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Posts from the ‘professional dev’ Category

“A tradition like no other.” 10 books to read this summer

To quote Jim Nantz and his love for the Master’s golf tournament, “it’s a tradition unlike any other.”

And just like the Master’s, the March Madness basketball tournament, the NCSS national conference, and the annual May collapse of the Kansas City Royals baseball team, my self-assigned summer reading program is something that’s been part of my yearly schedule for almost as long as I can remember.

An early mentor from my Derby Middle School teaching days, Mike Ortmann, was fairly adamant about the whole thing. “This is not a part-time job,” he said.

Don’t get lazy over the summer, he said. Read some books. Expand your mind. Hone your craft. Be sure to stay current, he said.

So . . . who was I to argue? The guy was a social studies rock star. And ever since, I’ve created a list of books that I plan to read during the summer months. It’s a great idea. Read some stuff. Take some notes. Get smarter. (Of course, it’s common knowledge that I’ve never actually finished one of these lists. And it’s not going to happen this year either, just saying. A used book store five minutes from my house? Yeah. That’s gonna be trouble.)

This year’s list is a mix of work-related and just fun-to-read books. In no particular order:

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2021 Summer Reading List: Books that’ll make me a better person

Maybe it’s the heat. Or maybe it’s too much AC.

Either way, it’s been hard to get started on the annual History Tech Summer Reading List. It’s been a tradition for as long as I’ve been in education. Back in the day, Mike Ortmann, a social studies rock star who taught down the hall from me in Derby Middle School, encouraged me to do something besides be a life guard during the summer.

“Read some books.” Mike said. “Talk to some people. Do some research. Get off your butt and become a better teacher,” he said.

So I did. And Mike was right. We need to keep learning, keep asking questions, keep moving forward. And what better time for that than between now and September? So every summer, I make a list of books I plan to read June, July, and August. Long time History Tech readers already know this.

They also know that not once, not ever, a couple of times I came close but never ever, have I actually finished the list.

I’m getting less and less optimistic that it will ever happen. It’s always something. I get distracted. This summer, we’ve got the Olympics and Euro 2020. And my wife and I are in the middle of a move. Don’t hold your breath.

But I am loving my 2021 list. So maybe, just maybe, this is the summer.

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7 great reads that are gonna make my brain bigger

Most of you already know about the History Tech summer reading program. If you just starting hanging around, a quick recap.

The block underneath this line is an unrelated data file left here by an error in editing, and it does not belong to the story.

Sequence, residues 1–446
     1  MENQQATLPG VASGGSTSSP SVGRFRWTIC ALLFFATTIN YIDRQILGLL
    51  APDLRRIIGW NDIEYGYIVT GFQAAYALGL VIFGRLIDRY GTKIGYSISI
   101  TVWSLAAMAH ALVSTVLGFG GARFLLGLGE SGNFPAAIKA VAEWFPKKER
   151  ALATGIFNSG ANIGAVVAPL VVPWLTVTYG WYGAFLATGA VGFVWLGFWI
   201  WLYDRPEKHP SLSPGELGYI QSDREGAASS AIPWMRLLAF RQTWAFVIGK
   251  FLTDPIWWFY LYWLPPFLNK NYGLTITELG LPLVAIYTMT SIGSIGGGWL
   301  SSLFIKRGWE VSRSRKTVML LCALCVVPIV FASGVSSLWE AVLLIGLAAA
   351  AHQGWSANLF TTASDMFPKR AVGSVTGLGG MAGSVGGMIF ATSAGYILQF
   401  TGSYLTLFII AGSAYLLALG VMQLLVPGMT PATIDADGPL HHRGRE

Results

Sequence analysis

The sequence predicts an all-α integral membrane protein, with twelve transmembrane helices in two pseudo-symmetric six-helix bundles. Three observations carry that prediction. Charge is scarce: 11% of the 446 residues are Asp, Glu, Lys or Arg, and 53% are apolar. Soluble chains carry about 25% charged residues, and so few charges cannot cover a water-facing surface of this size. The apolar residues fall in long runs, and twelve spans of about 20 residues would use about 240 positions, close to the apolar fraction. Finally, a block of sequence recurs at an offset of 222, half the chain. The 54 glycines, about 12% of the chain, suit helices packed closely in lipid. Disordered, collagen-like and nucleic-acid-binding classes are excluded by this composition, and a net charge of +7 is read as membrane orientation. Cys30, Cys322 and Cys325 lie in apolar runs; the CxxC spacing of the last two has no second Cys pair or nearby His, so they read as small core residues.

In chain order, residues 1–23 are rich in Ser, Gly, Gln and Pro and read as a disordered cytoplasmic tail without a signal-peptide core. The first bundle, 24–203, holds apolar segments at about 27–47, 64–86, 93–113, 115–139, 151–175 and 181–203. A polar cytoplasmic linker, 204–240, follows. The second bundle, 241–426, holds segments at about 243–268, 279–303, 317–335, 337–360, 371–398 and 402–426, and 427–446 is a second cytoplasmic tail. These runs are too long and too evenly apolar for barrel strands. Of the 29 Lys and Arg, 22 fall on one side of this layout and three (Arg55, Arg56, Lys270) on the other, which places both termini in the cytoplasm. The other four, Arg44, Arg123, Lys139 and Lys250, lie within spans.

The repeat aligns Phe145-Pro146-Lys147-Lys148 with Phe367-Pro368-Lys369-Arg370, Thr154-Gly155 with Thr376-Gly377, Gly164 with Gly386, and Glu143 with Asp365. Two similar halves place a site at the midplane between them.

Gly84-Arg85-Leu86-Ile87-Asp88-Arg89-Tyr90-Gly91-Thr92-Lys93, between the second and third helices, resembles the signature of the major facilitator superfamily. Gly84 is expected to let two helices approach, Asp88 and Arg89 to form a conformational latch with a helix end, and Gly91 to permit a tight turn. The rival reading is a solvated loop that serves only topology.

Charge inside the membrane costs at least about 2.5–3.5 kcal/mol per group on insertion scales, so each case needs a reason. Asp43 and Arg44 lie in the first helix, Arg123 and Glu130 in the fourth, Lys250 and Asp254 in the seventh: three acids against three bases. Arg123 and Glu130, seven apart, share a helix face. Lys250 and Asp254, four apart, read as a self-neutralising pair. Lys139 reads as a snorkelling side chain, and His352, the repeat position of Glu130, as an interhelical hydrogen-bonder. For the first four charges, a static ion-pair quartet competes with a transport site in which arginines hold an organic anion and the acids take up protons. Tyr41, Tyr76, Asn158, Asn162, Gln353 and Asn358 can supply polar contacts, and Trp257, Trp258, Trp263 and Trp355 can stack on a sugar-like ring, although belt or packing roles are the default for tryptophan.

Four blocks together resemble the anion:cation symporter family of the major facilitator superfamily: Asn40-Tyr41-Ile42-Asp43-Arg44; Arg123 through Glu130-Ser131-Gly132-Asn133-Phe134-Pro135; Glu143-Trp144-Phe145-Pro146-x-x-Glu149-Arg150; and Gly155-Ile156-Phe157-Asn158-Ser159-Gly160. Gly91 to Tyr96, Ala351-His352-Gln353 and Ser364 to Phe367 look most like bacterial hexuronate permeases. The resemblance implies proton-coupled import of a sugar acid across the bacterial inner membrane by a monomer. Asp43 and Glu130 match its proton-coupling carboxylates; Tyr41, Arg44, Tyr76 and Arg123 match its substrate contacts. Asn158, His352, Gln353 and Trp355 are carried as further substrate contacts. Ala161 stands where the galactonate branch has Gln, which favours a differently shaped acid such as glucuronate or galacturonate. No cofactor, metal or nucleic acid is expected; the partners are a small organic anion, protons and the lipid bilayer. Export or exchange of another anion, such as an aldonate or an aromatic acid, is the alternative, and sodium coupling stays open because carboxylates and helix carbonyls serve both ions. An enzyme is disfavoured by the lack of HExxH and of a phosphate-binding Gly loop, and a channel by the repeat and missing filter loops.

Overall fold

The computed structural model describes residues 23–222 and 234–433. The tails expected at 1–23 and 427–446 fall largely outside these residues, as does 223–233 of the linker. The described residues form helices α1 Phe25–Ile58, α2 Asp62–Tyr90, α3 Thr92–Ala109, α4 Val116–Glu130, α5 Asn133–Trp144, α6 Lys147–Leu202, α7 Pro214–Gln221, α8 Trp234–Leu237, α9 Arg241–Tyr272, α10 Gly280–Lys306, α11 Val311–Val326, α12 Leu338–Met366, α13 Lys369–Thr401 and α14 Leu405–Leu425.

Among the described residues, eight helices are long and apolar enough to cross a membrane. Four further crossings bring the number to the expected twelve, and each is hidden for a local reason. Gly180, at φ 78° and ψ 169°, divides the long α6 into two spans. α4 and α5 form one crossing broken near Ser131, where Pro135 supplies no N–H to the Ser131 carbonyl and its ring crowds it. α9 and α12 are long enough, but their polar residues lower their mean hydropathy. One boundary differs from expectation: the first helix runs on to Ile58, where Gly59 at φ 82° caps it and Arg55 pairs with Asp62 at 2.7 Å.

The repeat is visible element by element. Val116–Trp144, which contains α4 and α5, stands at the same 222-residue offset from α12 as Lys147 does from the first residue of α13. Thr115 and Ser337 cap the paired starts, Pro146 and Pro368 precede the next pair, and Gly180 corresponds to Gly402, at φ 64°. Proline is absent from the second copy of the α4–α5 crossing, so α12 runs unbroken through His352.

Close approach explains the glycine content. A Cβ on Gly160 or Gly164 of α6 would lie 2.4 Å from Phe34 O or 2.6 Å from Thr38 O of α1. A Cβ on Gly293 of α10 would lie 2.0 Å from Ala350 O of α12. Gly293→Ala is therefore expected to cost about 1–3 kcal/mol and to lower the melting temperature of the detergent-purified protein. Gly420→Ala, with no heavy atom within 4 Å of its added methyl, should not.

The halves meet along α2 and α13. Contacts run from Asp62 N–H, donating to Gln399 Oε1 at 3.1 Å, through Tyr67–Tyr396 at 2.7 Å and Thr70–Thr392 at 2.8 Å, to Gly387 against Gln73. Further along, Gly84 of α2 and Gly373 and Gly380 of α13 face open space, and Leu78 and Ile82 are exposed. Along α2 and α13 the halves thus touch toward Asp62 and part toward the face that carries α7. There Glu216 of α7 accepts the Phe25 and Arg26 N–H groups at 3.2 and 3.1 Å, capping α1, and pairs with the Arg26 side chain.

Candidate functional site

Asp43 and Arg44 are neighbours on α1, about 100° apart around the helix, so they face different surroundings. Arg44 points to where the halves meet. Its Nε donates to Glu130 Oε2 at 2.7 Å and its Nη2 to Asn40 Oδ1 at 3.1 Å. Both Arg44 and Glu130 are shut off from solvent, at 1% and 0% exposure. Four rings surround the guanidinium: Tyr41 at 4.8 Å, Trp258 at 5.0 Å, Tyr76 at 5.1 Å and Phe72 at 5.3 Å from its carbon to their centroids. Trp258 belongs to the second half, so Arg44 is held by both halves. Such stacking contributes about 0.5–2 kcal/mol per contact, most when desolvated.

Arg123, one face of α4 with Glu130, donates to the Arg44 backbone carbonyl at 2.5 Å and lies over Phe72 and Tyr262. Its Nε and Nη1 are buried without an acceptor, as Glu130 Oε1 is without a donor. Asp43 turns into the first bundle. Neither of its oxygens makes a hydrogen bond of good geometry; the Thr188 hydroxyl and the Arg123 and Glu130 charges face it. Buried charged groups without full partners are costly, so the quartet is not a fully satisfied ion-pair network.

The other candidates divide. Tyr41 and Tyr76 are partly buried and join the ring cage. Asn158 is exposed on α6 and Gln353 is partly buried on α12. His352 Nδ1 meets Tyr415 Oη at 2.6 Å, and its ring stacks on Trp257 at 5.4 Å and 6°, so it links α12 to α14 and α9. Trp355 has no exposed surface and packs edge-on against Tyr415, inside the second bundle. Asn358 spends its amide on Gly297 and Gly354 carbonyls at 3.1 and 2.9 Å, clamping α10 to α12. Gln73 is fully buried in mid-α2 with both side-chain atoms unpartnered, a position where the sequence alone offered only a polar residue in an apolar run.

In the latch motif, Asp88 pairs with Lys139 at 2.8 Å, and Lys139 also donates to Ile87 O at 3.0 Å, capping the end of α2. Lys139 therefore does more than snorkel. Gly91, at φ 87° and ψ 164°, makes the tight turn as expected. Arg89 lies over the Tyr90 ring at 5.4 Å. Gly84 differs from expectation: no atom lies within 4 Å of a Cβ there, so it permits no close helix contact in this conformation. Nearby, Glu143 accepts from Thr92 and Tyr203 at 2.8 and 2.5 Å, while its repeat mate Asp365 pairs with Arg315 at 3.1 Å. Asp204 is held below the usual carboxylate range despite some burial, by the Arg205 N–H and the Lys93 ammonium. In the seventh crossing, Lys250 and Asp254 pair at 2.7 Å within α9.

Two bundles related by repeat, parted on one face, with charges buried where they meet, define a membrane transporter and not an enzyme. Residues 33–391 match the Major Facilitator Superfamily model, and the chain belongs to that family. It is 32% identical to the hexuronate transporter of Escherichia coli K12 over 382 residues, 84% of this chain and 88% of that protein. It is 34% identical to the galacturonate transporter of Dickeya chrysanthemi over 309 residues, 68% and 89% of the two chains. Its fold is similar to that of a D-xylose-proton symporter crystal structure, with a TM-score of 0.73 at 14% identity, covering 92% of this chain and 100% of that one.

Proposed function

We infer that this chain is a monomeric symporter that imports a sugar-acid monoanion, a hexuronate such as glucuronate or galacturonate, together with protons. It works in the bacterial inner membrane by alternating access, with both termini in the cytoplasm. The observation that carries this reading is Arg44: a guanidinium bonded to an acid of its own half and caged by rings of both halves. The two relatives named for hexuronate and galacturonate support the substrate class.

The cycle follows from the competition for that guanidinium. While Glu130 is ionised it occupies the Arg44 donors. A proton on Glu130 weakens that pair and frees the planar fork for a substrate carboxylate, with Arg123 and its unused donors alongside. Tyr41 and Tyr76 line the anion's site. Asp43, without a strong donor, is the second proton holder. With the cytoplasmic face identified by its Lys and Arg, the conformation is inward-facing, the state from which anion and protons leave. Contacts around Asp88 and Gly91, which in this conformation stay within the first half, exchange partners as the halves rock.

For years, I’ve been making a list of books that I plan to read between the end of school in May and back to school in August. Social studies superhero, teaching guru, and my unofficial mentor back in the day, Mike Ortmann, encouraged me to use June, July, and August as a time for personal professional growth. Don’t just waste it at the pool – use the summer to build up some new content knowledge and research a few teaching strategies with a little individual book study.

It was great advice then. And it still is. Getting better at what we do should always be a focus. My job has changed a bit since the Mike Ortmann days but I still love the idea of stacking up six or seven books and jumping in.

And what better time to do that than right now? You’ve got a little free time. I’m guessing there’s an easy chair by an AC vent or an Adirondack set up outside somewhere.

I’m still a fan of print but feel free to go the e-book or audio route. Heck . . . there are great podcasts out there as well. But Mike was right. Summer’s the perfect time for personal professional growth no matter what format you prefer.

So . . . here’s what I got going. Read more

6 books you should be reading. (Maybe now. But later works too.)

My daughter calls them “the Before Times.”

As in . . . the days before COVID-19. Before stay at home orders. Before you were teaching via Zoom and Google Classroom and Meet.

In the Before Times, I wouldn’t feel at all uncomfortable suggesting that you read more. Whether you prefer the feel of paper, use a Kindle, or do long reads online, reading for both fun and personal professional growth is always a good thing. Learning more content. Expanding perspectives. Exploring teaching strategies. All make us better at what we do.

And now?

I feel just a little bit uncomfortable. Because the normal normal of spring 2020 is not like the Before Times. You’ve been asked to do a ton of things differently. Your last few months of the school year (and your life) are not what you expected them to be. But here’s the cool thing. As I talk with teachers around the country, the new normal really is becoming a normal normal. Teachers, kids, and families are adapting and doing some really cool stuff.

Is it easy? No. But I get the sense that you’ve been taking deep breaths, figuring some things out, that you’re adjusting and getting your head above water a bit. So I’m suggesting (with a little uncomfortableness) that you begin to think about some personal professional growth. And I’ve got a few suggestions of things to put on your to read list.

I’m a hard copy kind of guy. But feel free to grab these suggestions via a Kindle app. Or even better, grab the Overdrive Libby or Hoopla app and check them out digitally via your local or state libraries.

Let’s start with Read more